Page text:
Title of the project
Working for Waders
Working for Waders was set up in 2017 to tackle the decline of wading birds across Scotland. The project is supported by a wide range of organisations, including Scottish government and its agencies, farmers, game keepers, moorland owners, environmental conservation organisations and bird watchers. Working for Waders aims to do three things:
a) raise awareness of wader declines
b) Show that declines can be reversed
c) Demonstrate the importance of working in partnership
There are a range of projects and sites running under the banner of Working for Waders with 13 projects receiving funding in 2018 / 19 financial year. Some of these are projects are being led by environmental organisations whilst others are being led by game keepers and landowners.
Activities carried out by Working for Waders:
1.Management of habitats and wildlife (e.g. conservation and restoration activities)
Working for Waders (WfW) covers a range of wader projects across Scotland, which are currently being put onto a single map that will appear on the website. We have collected information from partner organisations, and individuals about their work within these project areas. This work ranges from organisations who own and managing nature reserves, through to landscape scale projects focused on waders and moorlands managed for shooting. Most of the projects involve some element of active management on the ground some of which is supported by agri-environment funding provided by Scottish Government. To give a few examples as a flavour of some of the work we undertake under the partnership RSPB has a number of projects focused on waders in Strathspey, Caithness and Clyde Valley. But this partnership is more than just environmental NGO’s, many of the key shooting estates have also signed up to the initiative.
2. Research and data collection (e.g. monitoring, bag data)
We have a group that are co-ordinating our information needs. This includes Monitoring, data collection and research:
-Monitoring / data collection – Working for Waders have identified a series of actions which are being funded by Scottish Natural heritage. Many of the projects collect some data but it is not always done in a consistent way and often it is not reported back centrally. Two of the actions WfW has identified are to produce some guidance documents for landowners on the best methods of counting waders as well as setting up a hub which allows everyone to enter data.
-Research – RSPB, GWCT, BTO all have scientists that are advising Working for Waders. Whilst each organisation has it’s own individual research projects focused on waders, we are increasingly working collaboratively through the project to maximise the use of data available from estates and landowners.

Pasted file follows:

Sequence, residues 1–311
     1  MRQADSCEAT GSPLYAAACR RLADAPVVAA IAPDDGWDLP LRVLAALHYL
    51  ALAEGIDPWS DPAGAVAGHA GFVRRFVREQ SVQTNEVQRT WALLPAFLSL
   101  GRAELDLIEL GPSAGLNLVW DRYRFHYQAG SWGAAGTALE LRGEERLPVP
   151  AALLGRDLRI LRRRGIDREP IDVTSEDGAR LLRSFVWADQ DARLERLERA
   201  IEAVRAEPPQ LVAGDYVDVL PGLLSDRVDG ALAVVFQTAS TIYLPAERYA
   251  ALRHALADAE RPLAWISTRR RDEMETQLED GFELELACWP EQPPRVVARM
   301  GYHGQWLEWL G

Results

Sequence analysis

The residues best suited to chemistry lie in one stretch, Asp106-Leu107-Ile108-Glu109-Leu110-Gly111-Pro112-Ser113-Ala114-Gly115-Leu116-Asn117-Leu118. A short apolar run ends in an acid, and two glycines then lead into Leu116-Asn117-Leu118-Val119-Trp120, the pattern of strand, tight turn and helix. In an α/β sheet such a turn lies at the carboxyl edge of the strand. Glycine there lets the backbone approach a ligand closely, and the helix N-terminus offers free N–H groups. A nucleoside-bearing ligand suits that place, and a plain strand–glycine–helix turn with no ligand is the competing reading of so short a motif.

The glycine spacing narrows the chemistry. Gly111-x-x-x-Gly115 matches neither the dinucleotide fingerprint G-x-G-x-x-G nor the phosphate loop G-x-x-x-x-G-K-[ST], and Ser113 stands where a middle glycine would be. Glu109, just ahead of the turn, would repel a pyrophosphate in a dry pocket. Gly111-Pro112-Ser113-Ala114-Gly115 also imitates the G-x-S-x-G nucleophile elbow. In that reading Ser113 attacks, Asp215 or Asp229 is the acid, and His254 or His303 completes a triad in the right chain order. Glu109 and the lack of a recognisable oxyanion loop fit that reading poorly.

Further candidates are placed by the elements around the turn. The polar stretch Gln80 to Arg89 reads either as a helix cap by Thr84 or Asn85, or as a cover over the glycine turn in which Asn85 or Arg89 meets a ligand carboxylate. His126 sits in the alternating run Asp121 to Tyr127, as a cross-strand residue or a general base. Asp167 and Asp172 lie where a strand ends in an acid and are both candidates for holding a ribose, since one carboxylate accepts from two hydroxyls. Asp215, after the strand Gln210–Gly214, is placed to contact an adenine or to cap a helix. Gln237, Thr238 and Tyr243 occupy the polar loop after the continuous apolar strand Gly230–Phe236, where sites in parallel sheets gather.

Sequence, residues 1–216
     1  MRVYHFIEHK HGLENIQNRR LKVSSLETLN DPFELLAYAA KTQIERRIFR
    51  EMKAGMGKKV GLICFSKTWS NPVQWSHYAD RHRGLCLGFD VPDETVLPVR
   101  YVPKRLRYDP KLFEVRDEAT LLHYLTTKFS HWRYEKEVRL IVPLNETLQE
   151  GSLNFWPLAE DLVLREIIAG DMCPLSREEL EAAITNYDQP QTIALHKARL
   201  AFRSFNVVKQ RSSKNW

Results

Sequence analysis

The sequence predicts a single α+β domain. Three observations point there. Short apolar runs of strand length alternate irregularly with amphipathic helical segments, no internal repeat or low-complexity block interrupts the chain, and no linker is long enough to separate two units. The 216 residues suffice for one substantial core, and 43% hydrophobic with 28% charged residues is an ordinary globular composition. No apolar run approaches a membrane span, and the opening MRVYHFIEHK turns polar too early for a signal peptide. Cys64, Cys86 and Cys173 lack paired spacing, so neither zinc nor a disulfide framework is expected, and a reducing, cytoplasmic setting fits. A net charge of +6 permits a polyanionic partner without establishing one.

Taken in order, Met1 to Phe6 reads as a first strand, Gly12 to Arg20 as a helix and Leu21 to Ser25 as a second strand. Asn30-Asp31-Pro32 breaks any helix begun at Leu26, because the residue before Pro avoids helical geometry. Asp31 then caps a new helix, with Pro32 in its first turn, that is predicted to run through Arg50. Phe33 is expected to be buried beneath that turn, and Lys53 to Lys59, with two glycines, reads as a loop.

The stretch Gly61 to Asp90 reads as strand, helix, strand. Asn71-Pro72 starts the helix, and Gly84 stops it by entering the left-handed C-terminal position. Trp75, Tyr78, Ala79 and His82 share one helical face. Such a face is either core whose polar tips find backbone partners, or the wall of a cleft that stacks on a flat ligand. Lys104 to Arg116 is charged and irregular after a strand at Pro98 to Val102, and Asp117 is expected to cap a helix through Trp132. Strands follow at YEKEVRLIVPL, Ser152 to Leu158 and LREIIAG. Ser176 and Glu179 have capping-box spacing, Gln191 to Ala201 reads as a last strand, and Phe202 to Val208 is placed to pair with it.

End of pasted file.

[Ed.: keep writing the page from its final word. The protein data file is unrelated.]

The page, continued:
3. Communication and education (for different target audiences e.g. hunters, the wider public)
Working for wader has a working group which is leading on communications. Chris Baley is co-chair of this group. We are developing guidance documents for the landowners, bringing together advice from various organisations. We are also developing materials for use with the general public and schools explaining the importance of waders and what they need, the work of the partnership and how to positively manage for them. We are communicating these messages through individual partner organisations newsletters, workshops, agricultural shows and events.
4. Policy work (e.g. positioning of hunting organisations, demonstrating conservation actions)
WfW is developing a number of joint policy positions which are being advocated to government. These positions highlight the importance of funding from government, correct targeted and appropriate options. We are also working with SNH and Forestry Commission Scotland to consider the impact of forestry planting on waders as Scottish government wish to expand the area under woodland. With SNH support we have received a reasonable amount of backing from Scottish ministers and government to the aims and aspirations of Working for Waders.
|Site||Multiple sites across Scotland|
Protection status of the areas
|Species Caracteristics||Threatened species, Abundant species, Migratory species|
|Name(s) of main species||Main species: Lapwing - Vanellus vanellus: Snipe - Gallinago gallinago: Curlew- Numenius Arquata: Redshank - Tringa tetanus: Oystercatcher - Haematopus Ostralegus|
|Leading partners||"There is not really a lead partner as Working for Waders is a partnership project with a steering group made of various organisations. Partners are identified on our website www.workingforwaders.com "|